It’s Got Your Attention Before, Hasn’t It?

Cats sleep in doorways to get your attention

Cats love attention and getting a reaction from us – when it suits them of course. Well, most cats do. I know it’s true about my cats, although they have chilled out more as they’ve aged.

If laying in the doorway has provoked a reaction from you before they will associate this with whatever it is you did. If it worked for them and they liked it, they will sleep in the doorway again to get a similar reaction.

This is often why cats sleep in bedroom doorways. They know you’ll be coming out in the morning and they can get your attention and remind you it’s feeding time.

How to Stop Your Cat Sleeping in Your Doorways

If you’ve had it with your kitty laying in a doorway and had one too many near misses with a swipe, or tripping over when carrying a cup of tea. Don’t despair.

I’ve never met a cat, or dealt with a cat behavior problem that couldn’t be changed. At least not changed enough to make a difference, I’m not saying your cat will never darken a doorway again.

If you want to stop this behavior, I suggest trying one or more of the following tactics:

Keep Moving Them On

How to Stop Your Cat Sleeping in Your Doorways

This method takes some persistence and patience on your part but is almost always successful in my experience.

Just simply keep moving them when they are trying to get comfortable in a doorway. They will soon (or eventually) realize that it’s not worth the effort trying to sleep somewhere they are always moved on from.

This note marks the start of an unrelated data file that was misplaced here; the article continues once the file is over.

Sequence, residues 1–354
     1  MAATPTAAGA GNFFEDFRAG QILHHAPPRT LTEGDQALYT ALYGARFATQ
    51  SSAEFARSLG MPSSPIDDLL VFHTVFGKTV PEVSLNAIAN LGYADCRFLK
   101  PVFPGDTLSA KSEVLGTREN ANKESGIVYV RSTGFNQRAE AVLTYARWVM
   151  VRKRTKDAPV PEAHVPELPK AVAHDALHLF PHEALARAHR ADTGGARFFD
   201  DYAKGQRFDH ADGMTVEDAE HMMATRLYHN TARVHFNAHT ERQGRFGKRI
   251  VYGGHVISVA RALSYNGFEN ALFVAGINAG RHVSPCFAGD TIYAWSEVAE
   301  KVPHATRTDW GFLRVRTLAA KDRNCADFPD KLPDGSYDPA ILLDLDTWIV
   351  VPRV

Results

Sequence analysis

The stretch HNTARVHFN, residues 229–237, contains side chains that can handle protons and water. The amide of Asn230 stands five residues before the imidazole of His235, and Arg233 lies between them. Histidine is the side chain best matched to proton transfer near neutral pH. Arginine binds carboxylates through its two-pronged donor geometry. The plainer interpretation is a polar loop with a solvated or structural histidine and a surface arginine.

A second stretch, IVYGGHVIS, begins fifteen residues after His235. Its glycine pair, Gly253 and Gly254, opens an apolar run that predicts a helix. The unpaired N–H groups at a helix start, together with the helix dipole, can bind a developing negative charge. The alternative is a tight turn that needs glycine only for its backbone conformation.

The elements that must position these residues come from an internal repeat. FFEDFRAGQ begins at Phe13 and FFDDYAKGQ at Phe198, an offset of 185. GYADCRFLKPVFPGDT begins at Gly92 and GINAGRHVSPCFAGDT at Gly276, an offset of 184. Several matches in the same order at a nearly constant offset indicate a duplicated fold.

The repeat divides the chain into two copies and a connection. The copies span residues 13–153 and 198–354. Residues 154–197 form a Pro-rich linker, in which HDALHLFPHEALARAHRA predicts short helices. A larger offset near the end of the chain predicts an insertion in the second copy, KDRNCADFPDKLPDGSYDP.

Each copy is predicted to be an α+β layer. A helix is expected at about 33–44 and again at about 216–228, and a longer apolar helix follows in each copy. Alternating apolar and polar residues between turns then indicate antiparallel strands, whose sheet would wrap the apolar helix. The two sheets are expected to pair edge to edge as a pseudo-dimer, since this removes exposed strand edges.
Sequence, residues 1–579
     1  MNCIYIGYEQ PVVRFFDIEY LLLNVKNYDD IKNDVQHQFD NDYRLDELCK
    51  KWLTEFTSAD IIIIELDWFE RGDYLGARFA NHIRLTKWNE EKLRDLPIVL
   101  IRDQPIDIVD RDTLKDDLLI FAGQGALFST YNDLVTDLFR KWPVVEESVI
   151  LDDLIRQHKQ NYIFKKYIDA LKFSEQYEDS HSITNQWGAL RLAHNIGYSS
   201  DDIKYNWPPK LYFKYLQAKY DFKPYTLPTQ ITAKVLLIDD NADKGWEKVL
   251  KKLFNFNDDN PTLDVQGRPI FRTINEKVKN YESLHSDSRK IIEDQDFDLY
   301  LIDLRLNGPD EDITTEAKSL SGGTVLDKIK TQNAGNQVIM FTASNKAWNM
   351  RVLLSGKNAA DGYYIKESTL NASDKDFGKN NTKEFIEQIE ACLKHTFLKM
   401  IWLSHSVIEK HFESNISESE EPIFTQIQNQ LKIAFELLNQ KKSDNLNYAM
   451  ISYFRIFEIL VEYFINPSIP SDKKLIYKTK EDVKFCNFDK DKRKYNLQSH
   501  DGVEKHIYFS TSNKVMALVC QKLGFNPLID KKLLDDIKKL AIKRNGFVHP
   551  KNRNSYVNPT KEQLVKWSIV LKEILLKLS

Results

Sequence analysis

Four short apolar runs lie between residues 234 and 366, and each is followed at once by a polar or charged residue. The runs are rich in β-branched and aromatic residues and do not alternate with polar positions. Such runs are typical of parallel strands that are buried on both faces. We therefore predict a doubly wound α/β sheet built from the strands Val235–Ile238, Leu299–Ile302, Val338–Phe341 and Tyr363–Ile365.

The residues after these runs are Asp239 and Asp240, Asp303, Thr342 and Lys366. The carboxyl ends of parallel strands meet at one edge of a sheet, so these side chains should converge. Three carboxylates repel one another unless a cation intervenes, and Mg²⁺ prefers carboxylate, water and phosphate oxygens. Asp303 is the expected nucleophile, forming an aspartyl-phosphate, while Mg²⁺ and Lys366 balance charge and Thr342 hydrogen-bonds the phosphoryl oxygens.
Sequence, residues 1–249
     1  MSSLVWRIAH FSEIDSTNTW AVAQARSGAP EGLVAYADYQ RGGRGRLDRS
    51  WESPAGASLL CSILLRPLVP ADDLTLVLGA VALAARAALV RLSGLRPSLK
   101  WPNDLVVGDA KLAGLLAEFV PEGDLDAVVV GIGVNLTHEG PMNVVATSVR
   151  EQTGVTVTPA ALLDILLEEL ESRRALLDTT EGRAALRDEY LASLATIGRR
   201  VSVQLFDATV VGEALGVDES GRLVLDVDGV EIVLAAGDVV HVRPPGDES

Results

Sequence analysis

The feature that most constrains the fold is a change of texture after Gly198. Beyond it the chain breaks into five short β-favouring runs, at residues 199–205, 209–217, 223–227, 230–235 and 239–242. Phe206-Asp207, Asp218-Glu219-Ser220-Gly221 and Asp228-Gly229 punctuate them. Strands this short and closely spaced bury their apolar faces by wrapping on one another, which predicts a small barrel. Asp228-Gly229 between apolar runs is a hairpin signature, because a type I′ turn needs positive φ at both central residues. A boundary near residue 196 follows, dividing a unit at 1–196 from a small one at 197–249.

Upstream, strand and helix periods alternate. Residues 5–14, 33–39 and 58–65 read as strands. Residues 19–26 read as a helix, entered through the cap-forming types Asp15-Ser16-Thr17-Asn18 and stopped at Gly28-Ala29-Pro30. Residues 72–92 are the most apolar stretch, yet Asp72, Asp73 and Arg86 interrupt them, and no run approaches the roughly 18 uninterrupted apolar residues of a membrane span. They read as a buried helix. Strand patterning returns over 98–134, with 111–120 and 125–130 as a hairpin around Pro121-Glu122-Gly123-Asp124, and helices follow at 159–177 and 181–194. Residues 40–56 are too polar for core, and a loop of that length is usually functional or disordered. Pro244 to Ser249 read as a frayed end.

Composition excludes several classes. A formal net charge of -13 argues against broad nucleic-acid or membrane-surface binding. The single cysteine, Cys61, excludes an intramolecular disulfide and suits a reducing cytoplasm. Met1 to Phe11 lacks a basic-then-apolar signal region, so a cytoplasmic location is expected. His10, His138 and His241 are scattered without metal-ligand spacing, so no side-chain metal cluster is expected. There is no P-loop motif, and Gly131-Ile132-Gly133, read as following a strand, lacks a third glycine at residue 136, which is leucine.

Use a Texture They Don’t Like

Cats and textures they don’t like, this goes back to when I was a kid and my Nan used to put aluminum foil on her kitchen side to stop her cat, Lily going on there.

Don’t worry, it’s not a permanent thing. You won’t need to have aluminum foil, newspaper, or any of texture or material your cat will not sleep on in your doorway forever.

Just place something there when you think they are going to try and settle, or if you’ve just moved them so they don’t go back. After a few weeks, they should have found somewhere else to sleep.

Use a Scent They Don’t Like

The good thing about scents that most cats don’t like is that they are scents most people do like. Such as citrus scents, which always smell fresh, cinnamon, which reminds me of festive periods, and mint, which is, well, minty fresh.

It’s not as cruel as it sounds. Just place a half cut orange on a plate in the doorway, or spray a water and scent mix when they are threatening to settle and they should get the hint.

TL;DR – The Summary

If your cat likes to sleep in a doorway in your home and you’re wondering why it’s likely to be due to one or more of the following reasons:

  • They are keeping their escape options open
  • They like seeing what’s going on in two rooms
  • They like annoying you – and possible taking swipes at you
  • They are being a cat – cats do things we just don’t get

The key takeaway is that it’s not that hard to train them not to sleep in doorways if it’s really annoying or an inconvenience to you.

Start moving them and using a scent, object, or texture in the area they want to settle down in to make it uncomfortable for them.

Cats like to be comfy. They don’t like conflict.

Show them who’s boss. Good luck. 🙂


Leave a comment: